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Are the E and H field not orthogonal near the antenna?

  1. Oct 14, 2015 #1
    Hello, I've heard in many places that in the "near reactive field" of an antenna which is the region really really close to the antenna, the E and H fields are not perpendicular. But I just can't imagine how that is possible since In Maxwell's 3'rd and 4'th equations it is explicit that the curl of A is proportional d B / dt therefor they are in space orthogonal where A and B can be E and H.
     
  2. jcsd
  3. Oct 14, 2015 #2

    berkeman

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    Staff: Mentor

    The wikipedia article has some nice pictures... https://en.wikipedia.org/wiki/Near_and_far_field :smile:
     
  4. Oct 14, 2015 #3
    Yeah I've read this before posting, but it doesn't really give a good explanation on what I'm asking. It only says something vaguely about my question. And there are no images on how the EM field looks like in the reactive region.
     
  5. Oct 14, 2015 #4

    davenn

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    ohhh ?

    from that wiki article

    Felder_um_Dipol.jpg

    Near-field: This dipole pattern shows a magnetic field 55535f5b2af77c68e8201eb7dc99f36a.png in red. The potential energy momentarily stored in this magnetic field is indicative of the reactive near-field.


    if this isn't answering your Q directly, then try rephrasing your question :smile:

    Dave
     
  6. Oct 15, 2015 #5
    Hello Dave, as you can see the E and B fields in this image are orthogonal. Therefor it is a bad image since it clearly states that they are not orthogonal. Anyhow I came up with an explanation myself trying to figure it out. In the near field the electromagnetic field is not formed, therefor it is NOT an electromagnetic field yet, just electrostatic and magnetostatic and when they start to variate later on they form perpendicular E and H waves. I think that this is the only way to explain it. Unless it's some weird ass quantum physics effect of which I am not aware of.
     
  7. Oct 16, 2015 #6
    The fields near the antenna can be considered as being a radiation field, where Erad and Brad are orthogonal, plus a reactive field, where Ex or Bx can be anything, usually one of them being greatly predominant. Imagine that part of the antenna was a capacitor. The electric field between the plates is mainly the reactive component, and will be much greater and bear no relation to the radiation field which will also be present.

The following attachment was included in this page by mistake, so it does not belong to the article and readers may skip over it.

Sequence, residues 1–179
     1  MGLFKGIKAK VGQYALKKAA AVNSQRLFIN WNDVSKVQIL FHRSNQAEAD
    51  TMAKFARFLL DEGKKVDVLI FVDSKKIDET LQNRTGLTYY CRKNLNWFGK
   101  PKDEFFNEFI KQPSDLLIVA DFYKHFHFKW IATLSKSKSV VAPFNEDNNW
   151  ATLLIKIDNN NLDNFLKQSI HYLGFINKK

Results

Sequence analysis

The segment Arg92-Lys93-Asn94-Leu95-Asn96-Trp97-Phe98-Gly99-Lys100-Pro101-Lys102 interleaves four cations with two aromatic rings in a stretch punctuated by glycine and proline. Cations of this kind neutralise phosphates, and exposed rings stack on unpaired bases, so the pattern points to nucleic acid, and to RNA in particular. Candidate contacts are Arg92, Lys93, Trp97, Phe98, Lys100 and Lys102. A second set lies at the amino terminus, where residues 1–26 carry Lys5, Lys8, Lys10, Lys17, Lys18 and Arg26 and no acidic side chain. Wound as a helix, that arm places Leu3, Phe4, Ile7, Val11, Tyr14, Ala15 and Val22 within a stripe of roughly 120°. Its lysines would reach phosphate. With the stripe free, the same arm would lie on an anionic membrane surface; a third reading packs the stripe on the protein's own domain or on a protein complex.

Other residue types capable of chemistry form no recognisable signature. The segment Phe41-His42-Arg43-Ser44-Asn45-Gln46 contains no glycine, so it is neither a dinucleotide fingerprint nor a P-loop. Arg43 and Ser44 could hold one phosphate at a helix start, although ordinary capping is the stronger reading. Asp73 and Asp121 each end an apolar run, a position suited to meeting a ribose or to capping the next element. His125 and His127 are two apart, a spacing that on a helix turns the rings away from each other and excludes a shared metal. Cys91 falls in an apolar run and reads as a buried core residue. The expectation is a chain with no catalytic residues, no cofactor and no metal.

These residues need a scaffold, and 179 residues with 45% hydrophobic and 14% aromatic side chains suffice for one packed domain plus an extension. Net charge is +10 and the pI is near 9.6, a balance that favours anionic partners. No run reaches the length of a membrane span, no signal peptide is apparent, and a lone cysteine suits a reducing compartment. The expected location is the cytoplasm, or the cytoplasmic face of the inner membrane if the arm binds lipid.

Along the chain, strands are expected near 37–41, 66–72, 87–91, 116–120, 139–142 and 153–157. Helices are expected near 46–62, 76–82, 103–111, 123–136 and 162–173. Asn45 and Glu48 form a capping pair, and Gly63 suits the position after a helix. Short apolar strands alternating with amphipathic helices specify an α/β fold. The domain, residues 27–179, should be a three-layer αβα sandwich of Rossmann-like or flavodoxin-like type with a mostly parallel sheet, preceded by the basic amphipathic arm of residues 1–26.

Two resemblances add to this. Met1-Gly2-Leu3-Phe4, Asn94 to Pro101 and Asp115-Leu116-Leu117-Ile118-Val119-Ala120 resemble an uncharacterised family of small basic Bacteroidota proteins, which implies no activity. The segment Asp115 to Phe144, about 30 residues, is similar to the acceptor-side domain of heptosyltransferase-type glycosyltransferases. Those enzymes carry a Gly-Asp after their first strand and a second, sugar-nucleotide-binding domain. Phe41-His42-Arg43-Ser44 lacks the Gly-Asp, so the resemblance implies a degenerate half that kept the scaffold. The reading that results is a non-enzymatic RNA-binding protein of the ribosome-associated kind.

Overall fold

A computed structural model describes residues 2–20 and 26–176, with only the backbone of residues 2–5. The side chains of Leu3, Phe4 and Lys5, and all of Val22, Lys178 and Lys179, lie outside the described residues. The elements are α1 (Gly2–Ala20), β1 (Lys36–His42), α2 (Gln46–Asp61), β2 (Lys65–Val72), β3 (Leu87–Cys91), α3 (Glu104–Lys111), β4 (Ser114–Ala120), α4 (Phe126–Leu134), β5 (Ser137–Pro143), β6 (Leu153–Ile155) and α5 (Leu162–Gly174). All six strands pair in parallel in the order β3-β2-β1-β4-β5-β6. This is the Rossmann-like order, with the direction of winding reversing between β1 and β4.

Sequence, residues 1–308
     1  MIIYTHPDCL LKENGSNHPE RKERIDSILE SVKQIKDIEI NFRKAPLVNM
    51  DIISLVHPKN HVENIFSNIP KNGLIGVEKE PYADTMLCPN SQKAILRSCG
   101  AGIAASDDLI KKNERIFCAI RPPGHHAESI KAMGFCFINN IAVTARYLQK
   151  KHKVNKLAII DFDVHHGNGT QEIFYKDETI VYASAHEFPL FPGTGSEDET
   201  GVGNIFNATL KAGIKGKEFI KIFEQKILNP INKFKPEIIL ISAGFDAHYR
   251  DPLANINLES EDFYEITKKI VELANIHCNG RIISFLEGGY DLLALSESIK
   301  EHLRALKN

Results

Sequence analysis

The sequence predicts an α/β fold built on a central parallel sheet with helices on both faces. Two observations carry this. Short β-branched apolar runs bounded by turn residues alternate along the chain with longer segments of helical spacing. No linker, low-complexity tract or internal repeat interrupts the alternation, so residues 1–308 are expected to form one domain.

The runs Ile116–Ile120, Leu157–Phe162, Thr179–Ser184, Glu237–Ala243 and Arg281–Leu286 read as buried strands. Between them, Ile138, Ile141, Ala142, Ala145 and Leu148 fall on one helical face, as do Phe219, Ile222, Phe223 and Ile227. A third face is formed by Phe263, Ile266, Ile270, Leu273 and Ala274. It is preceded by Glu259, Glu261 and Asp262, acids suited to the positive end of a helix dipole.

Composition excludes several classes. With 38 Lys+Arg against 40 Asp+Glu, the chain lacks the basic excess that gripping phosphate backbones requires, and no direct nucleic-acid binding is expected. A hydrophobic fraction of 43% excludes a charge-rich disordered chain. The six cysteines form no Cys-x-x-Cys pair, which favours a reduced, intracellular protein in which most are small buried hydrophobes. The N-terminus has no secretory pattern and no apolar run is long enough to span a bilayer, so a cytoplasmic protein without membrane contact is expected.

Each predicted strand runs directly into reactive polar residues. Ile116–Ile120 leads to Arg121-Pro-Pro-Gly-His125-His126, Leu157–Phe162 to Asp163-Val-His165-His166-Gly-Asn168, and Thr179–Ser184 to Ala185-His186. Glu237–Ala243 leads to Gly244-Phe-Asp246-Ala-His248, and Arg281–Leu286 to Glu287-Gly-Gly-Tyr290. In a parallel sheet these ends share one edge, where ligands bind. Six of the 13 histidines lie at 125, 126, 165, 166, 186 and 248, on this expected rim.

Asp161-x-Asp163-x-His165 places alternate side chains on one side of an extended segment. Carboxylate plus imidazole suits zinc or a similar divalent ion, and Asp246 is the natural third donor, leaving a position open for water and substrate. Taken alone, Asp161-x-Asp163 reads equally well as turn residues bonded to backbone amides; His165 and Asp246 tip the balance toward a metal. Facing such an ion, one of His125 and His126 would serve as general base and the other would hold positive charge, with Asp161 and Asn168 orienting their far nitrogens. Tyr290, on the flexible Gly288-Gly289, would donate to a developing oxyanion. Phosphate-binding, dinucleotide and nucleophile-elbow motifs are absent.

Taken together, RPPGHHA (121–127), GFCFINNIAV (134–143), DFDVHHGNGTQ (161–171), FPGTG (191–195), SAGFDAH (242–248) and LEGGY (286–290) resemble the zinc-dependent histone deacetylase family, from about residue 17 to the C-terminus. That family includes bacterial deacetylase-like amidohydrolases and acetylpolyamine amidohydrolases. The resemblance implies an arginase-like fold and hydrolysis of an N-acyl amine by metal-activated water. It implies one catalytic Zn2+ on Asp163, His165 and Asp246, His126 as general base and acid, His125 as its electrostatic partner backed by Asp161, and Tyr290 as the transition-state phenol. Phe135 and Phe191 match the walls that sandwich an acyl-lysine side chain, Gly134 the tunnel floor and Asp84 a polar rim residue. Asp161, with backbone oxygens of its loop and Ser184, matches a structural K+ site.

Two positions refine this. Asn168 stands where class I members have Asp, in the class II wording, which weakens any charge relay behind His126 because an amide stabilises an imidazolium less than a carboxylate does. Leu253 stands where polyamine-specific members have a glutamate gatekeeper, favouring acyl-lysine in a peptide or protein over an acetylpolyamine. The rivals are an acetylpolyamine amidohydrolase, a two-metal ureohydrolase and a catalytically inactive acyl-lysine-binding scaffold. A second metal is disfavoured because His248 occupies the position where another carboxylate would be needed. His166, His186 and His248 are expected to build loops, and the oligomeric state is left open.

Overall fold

8. Oct 16, 2015 #7
    The fields near the antenna is usually, but not always perpendicular (depending on the antenna type). Discrepancies are explained by charge distributions on the antenna. As Tech99 alluded, patch antennas and the like are exceptions.

    Also the actual far field radiation is a special relativistic effect caused by accelerating the charges setting up a dipoleish effect. I think the fields are still perpendicular, but in a slightly curved spacetime, so not at 90º as it were. (I could easily be wrong though. Relativity is not my field.) This curving effect is insignificant for most purposes and not usually taught to EE students.
     
  9. Oct 17, 2015 #8
     
  10. Oct 17, 2015 #9
    This may be of passing interest. My own measurements seem to indicate the following behaviour as we approach a dipole or slot antenna.
    At a great distance, the Power Flux Density falls off with the inverse square law (20dB/decade).
    At a distance called the Rayleigh Distance, the pattern starts to become cylindrical rather than spherical and PFD begins to fall of with 1/D (10 dB/decade).
    At distances closer than about lambda/5, the PFD remains constant, and either Bx or Hx also remains constant. The other reactive component continues to increase at 10dB/decade until the actual antenna is touched. As an example, for a dipole, equatorial plane, Bx increases right up until the probe touches the antenna, and the value measured then agrees with the B field corresponding to the antenna current and the wire radius.
    In the case of a dipole, the Ex field in the equatorial plane remains constant from about lambda /5 until very close to the antenna, but then rises very locally as the feed point is approached and the local field of the driving voltage is seen.
    If two dipoles are brought towards each other, the smallest path loss ever seen is 3 dB, even when they touch. This is because half the power is radiated and half is conveyed from one to the other. When two dipoles are brought together and touch, there is no jump in path loss.
    I would like to mention that the set of radiation contours close to a dipole, published by Hertz, and repeated by Kraus, do not appear to show the reactive fields.
     
  11. Oct 17, 2015 #10
    .......Correction, either Bx or Ex
     
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